That’s why it’s so nice to see the growth of the Collegiate Recovery Program at University of Michigan. It would be cool no matter what, but it’s even cooler because they’ve been such good friends to Dawn Farm.

USA Today covered their St. Patty’s day event:

“Priority number one is to have fun,” says Molly Payton, 23, a general studies senior at Michigan, who has been sober for one year and attended the Sober Skate. “When I was in recovery, my big fear was that I wouldn’t have fun anymore … it was baffling to think I could have a life outside of drugs and alcohol.”

“For me, Fridays and Saturdays were tough,” adds Garrett Gibbons, 27, a graduate student in pathology at Michigan who is also in recovery.

“Those were nights when I knew I would party, knew I would drink. That’s why this is an important time for us.”

Hope, empowerment, capability, connection and purpose

Hopeworks Community recently listed his core beliefs related to his recovery from mental illness:

The idea was simple. There are a few core beliefs about recovery that make a difference. To the extent you are able to live them your recovery will be positively impacted.

My list of core beliefs was simple:

Life can get better.
I can help make it better.
I can learn the things I need to do to make it better.
I have support. People care about me and what I am doing.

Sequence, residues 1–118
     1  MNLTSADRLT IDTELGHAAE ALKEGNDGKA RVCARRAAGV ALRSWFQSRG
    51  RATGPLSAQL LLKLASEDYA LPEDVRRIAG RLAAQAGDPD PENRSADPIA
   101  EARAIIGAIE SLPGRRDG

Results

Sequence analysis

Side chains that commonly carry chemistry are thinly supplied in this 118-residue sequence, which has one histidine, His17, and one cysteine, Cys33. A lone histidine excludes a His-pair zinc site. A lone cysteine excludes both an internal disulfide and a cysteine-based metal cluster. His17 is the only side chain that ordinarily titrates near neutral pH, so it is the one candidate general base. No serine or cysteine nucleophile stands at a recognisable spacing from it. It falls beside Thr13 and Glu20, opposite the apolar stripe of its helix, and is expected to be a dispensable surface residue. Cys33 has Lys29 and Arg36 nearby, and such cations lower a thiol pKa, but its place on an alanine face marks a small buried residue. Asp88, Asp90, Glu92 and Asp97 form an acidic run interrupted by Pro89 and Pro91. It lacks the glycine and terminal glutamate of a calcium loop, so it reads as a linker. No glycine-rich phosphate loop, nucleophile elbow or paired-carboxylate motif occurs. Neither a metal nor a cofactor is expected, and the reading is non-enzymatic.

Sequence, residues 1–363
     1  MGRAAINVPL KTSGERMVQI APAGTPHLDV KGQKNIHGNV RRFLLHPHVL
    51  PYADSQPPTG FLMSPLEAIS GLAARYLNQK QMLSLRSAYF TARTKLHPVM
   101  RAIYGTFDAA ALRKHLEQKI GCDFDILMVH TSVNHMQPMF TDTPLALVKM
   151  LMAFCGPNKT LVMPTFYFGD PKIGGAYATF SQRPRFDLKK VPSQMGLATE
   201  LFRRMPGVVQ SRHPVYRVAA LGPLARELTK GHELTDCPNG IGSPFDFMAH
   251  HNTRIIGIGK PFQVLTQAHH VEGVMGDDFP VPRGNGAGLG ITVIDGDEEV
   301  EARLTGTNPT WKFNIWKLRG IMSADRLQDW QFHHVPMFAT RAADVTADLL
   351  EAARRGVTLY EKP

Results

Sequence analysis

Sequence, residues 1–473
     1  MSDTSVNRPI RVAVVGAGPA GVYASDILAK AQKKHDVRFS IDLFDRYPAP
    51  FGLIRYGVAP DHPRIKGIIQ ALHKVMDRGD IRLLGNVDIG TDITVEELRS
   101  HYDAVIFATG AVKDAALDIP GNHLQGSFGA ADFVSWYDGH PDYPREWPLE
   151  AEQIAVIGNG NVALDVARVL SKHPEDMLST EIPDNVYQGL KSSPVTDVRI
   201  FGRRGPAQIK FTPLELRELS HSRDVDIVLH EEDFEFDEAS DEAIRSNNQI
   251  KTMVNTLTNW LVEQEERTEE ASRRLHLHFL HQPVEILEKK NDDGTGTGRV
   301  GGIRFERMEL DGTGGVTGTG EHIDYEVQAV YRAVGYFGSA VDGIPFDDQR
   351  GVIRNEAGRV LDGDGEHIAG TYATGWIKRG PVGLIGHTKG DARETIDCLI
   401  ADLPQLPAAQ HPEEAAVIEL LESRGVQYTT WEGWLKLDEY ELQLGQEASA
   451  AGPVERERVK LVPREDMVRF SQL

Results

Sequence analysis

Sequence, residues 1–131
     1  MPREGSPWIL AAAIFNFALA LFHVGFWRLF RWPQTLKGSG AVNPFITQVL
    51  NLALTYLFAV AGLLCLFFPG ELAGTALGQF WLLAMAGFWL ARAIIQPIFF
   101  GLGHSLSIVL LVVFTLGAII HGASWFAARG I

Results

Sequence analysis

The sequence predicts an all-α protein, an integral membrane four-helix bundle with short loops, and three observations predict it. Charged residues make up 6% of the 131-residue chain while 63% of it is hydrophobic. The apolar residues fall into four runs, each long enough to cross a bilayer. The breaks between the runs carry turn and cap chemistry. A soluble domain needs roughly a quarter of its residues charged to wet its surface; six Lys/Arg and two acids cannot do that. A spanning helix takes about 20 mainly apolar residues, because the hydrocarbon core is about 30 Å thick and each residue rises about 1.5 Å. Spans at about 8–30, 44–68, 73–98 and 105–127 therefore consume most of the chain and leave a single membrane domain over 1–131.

What I do matters. It has meaning and purpose.


This rings very true for addiction recovery as well. Any practitioner or program that ignores these dimensions is inadequate. Some people will need no assistance with this kind of recovery–if we reduce their symptoms they can take care of all of this on their own without mutual aid or extended professional help. (I’m thinking of people with major depression or a problem drinker.) Others will more severe and chronic mental illness or substance use disorder will need lifelong professional and/or peer support. (Here, I’m thinking of an addict or chronic, debilitating mental illness.)

There’s a lot of pushback on this for addiction. Just this weekend, Anne Fletcher tweeted a dismissive reaction to a Bill White post about developing geographic communities of recovery.

Would she have the same reaction to a post about building communities of recovery for people with chronic and severe mental illness? Would she tweet a response that implies it’s overkill and these people (Who, together, are re-engaging in full family, occupational and community life.) need discover that there’s more to life and they need to get out of some growth-limiting bubble?

There’s been a whole new wave of these kinds of reactions recently. To me, they suggest a couple of beliefs:

  • The failure to acknowledge the different needs of people who have less severe or time-limited problems with alcohol and other drugs versus those with severe, chronic and debilitating addictions. Their reactions often focus on the experiences of the former, framing substance use disorders as a lifestyle choice.
  • The perception that recovery advocates (12 step recovery in particular) can’t tell the difference between these two groups and are bent on evangelizing every problem user into their one and only path to recovery while obstructing access to any treatment or recovery support that isn’t perfectly compatible.